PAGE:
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Teaching the 4 C’s Without Sacrificing Content

As a part of my educational philosophy, I am trying to incorporate opportunities to explicitly practice and assess critical thinking, communication, collaboration, and creativity within my classroom.  

But, there has always been a fear that I would have to sacrifice content in order to achieve this goal.  A recent experience made me realize that this does not have to be the case.

In my physics class, we have been studying Newton’s laws of motion.  Part of our summative assessment involved students being tasked with a problem.  They would be given a set of three carts and they had to design an evidence based strategy to give one cart the greatest displacement.  There were rules like no touching the ground and all carts had to start together.  But, outside of those rules, students were given creative freedom.  

Now, the goal of the problem itself is not an authentic scientific experience at all.  But, there are many more important goals embedded within this assessment.  In terms of content, students would need to be able to communicate their plan using understanding of Newton’s 3 laws of motion in addition to quantitative data collected through lab work and theoretical calculations that helps justify their plan.  In addition, the assessment incorporates the 4 C’s.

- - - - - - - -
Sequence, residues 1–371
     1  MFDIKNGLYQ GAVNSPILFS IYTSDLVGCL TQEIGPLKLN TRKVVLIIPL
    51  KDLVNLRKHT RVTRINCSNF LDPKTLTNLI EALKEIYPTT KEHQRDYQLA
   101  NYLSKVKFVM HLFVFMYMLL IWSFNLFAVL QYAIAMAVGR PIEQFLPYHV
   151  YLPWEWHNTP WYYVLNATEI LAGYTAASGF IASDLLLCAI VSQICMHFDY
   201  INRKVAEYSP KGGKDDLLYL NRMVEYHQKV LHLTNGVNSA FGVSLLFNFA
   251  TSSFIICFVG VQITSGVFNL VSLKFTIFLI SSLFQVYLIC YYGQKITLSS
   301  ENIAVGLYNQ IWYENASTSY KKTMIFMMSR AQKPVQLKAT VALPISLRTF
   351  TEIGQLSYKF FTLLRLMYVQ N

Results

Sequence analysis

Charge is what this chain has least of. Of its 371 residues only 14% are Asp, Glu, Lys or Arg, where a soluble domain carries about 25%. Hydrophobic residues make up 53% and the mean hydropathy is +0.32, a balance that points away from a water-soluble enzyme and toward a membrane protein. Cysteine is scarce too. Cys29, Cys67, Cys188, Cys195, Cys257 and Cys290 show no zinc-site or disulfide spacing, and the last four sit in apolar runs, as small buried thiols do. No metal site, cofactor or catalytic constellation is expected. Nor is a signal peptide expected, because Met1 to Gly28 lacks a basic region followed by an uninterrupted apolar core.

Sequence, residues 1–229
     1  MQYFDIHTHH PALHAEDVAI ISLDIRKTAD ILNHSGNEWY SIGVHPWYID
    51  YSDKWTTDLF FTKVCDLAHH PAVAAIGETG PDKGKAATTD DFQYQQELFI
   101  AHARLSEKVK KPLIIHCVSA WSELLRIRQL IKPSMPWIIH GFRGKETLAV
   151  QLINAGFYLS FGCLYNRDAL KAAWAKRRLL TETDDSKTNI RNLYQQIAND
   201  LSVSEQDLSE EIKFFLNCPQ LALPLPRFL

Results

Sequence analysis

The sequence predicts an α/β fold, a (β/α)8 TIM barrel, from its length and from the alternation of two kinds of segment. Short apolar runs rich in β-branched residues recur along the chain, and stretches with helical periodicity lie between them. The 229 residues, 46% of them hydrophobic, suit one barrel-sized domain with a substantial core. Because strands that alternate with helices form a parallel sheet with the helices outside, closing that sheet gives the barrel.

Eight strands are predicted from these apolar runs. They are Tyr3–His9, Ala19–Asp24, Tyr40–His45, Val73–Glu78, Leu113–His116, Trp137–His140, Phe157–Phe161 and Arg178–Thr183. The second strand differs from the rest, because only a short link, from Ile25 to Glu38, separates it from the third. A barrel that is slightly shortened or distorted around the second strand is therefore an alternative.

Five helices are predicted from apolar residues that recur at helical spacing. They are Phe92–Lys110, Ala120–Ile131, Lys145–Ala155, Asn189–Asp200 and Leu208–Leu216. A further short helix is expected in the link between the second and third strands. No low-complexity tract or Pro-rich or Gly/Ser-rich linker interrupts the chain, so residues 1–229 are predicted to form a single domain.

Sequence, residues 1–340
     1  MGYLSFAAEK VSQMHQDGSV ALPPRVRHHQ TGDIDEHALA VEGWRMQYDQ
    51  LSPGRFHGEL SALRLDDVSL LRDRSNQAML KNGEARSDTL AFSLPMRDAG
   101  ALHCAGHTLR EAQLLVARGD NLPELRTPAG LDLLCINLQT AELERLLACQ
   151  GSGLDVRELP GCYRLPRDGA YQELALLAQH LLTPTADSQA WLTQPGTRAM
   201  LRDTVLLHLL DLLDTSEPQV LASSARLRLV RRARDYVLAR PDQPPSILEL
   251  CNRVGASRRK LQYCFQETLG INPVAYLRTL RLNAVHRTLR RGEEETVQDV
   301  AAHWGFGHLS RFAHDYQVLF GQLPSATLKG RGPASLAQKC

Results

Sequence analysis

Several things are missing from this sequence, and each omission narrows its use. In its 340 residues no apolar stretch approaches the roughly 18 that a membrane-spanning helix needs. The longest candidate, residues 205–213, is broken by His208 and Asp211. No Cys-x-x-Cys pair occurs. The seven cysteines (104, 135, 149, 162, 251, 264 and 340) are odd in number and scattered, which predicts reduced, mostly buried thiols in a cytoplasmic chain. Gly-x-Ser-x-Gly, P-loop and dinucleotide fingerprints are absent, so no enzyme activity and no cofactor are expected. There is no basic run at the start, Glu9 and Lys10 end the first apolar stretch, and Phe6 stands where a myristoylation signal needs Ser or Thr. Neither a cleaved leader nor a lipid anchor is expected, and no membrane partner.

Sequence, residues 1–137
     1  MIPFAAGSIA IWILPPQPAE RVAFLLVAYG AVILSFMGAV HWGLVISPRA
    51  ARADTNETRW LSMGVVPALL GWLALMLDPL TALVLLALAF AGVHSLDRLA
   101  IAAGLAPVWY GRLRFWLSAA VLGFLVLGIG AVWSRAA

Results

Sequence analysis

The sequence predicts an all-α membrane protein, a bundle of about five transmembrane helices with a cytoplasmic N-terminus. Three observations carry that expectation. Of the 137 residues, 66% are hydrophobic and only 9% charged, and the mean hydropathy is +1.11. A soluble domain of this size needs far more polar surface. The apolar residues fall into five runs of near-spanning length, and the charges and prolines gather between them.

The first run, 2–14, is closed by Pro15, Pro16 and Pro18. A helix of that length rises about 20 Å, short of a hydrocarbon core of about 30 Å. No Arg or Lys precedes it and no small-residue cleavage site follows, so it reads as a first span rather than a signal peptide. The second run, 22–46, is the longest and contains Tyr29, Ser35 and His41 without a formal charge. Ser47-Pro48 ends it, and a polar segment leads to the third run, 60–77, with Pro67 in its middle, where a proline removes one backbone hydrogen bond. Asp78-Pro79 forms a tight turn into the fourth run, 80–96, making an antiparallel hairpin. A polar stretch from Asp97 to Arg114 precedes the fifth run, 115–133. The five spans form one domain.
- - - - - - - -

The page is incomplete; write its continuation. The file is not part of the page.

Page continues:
Creativity: Designing a plan from scratch and trying new approaches when they met challenges
Critical Thinking: Using lab data as evidence to justify a procedure
Collaboration: Working together as a group on a plan and putting that plan into action
Communication: Each student is required to use a multimedia tool to communicate the plan to the teacher incorporating data and theoretical calculations.

In addition to the 4 C’s, we don’t lose the 5th C: Content.  The students’ assessment required them to demonstrate the following learning objectives:

  • I can analyze and describe situations in which the forces on an object are balanced through multiple means and design experiments to determine forces on an object in equilibrium.
  • I can analyze and describe situations in which the forces on an object are unbalanced through multiple means and design experiments to determine forces on an object.

Collaborative, physical experiences tend to be few and far between in my classroom.  I have always felt like these team building exercises, such as ropes courses, would eat time to cover content.  But if done in the right way, I can find ways to build a great environment of collaboration and creativity at the same time students are gaining rich, experiential content knowledge.

Here’s a video showing the 5 C’s in action on the testing day.
 I have to give a big thanks to Jed Kennedy and Joel Nellis for sharing their gym space with my class.

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